John Cormier of Charlottetown is The Guardian’s new public member of the Atlantic Press Council.
The Atlantic Press Council is a self-regulatory body governing the daily newspaper industry in the Atlantic provinces. It was established in 1983 with two main aims: to promote ethical practices within the Atlantic newspaper community and to serve as a forum for complaints against its members.
Cormier replaces John Aspin of Pinette, who has retired from the council after serving for many years.
In welcoming Cormier as the newspaper’s public member, Guardian publisher Don Brander said he also wanted to publicly thank Aspin for his many years of dedicated service to the newspaper and Atlantic Press Council.
Each participating newspaper has two representatives on the press council, a public one and a company one. The Guardian’s company representative is managing editor Gary MacDougall.
Although Cormier is now retired from Northumberland/Bay Ferries Limited after serving 35 years in various capacities, including vice-president of operations and human resources, he remains active in the community. He currently serves as vice-chair of the Charlottetown Harbour Authority Inc. and is a panel member of the P.E.I. Labour Relations Board.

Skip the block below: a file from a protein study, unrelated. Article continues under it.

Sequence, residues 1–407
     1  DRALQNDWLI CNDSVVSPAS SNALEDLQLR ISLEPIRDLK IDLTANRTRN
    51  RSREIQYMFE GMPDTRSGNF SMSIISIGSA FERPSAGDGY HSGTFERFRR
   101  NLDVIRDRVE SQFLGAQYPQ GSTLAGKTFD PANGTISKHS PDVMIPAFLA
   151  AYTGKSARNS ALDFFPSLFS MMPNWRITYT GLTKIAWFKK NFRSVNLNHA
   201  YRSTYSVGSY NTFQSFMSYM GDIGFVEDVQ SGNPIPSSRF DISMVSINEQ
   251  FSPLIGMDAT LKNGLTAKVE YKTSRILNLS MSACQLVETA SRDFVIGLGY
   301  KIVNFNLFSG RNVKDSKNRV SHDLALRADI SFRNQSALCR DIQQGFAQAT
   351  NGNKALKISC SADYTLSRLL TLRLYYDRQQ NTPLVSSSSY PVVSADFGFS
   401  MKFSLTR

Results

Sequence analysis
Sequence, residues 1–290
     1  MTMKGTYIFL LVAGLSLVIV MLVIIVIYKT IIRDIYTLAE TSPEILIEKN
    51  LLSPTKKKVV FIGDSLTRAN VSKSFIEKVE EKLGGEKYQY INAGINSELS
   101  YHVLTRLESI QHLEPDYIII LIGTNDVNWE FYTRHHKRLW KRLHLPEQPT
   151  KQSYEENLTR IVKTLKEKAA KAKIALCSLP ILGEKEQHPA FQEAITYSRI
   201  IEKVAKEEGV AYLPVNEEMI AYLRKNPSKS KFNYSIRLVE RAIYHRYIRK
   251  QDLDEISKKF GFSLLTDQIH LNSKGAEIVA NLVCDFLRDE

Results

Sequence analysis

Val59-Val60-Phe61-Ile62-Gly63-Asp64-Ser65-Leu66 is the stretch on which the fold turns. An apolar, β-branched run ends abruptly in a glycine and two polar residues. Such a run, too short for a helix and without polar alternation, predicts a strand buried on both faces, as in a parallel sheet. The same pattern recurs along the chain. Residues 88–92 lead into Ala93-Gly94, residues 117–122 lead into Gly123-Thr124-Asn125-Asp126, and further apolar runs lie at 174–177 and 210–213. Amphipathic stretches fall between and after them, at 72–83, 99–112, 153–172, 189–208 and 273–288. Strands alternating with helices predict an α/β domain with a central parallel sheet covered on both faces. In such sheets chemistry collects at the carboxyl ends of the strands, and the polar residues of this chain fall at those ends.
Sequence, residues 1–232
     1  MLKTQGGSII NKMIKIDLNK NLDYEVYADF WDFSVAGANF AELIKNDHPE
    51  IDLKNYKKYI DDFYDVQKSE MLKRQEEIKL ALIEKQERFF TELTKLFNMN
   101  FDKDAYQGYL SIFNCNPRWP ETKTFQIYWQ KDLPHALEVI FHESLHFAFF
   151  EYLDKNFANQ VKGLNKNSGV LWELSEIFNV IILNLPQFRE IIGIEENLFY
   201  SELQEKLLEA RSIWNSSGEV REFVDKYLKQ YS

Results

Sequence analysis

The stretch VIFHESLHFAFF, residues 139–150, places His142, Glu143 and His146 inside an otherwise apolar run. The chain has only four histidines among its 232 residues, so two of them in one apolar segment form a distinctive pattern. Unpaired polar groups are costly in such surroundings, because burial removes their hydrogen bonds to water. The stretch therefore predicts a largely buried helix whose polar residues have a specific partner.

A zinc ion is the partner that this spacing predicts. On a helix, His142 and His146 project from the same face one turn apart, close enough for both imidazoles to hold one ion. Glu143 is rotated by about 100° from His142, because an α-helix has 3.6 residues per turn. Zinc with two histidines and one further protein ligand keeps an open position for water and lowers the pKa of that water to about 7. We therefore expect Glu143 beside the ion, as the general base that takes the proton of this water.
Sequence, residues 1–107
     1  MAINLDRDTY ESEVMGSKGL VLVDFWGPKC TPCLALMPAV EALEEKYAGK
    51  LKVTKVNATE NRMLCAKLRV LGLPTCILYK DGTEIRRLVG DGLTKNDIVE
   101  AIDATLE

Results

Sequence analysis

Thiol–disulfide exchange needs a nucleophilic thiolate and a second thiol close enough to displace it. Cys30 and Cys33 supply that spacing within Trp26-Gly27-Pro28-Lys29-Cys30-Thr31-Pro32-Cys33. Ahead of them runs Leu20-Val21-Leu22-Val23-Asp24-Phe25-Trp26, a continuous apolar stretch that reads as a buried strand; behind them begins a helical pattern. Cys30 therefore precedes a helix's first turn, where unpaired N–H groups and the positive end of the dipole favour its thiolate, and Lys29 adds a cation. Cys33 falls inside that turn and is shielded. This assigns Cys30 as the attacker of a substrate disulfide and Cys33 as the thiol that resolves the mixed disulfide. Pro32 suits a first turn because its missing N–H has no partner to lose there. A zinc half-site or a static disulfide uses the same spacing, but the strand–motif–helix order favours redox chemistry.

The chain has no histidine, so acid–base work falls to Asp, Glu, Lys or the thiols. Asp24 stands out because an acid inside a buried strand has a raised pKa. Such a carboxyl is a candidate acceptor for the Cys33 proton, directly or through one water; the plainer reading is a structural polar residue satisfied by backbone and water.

His community and professional affiliations are many, including being an honorary life member of the Canadian Ferry Operators Association, past president of the Charlottetown K-40 Club, Canada Games volunteer, member of the P.E.I. Ports Study Group, member of the Canadian Maritime Law Association, member of the Greater Charlottetown Chamber of Commerce, past president of Sherwood-Parkdale Minor
Hockey Association and past president of the Kinsmen Club of Charlottetown.
Cormier is an avid tennis player and reader, enjoys hockey, skating and biking. He and his wife, Gayle, have two grown sons. Cormier’s email address is: firstname.lastname@example.org.
Just recently it was announced that Cormier will be receiving a Queen’s Diamond Jubilee Medal. He was nominated for the medal by the Canadian Ferry Operators Association.
He said he is looking forward to joining the council.
“It is an honour to serve on the Atlantic Press Council and I look forward to the deliberations of the council,” he said.
The Atlantic Press Council has a code of practice for journalists to encourage high professional and ethical standards, in the belief that vigilant self-regulation is the hallmark of a free and responsible press. The council directors oversee the mediation and adjudication of complaints, with input and response from both the newspaper and the complaint holder.
Miller Ayre of St. John's, the retired publisher of The Telegram, is chair of the council’s board of directors. Ken Sims of Stellarton, N.S., is the council’s secretary. Previously, he served as publisher at several Atlantic Canada newspapers.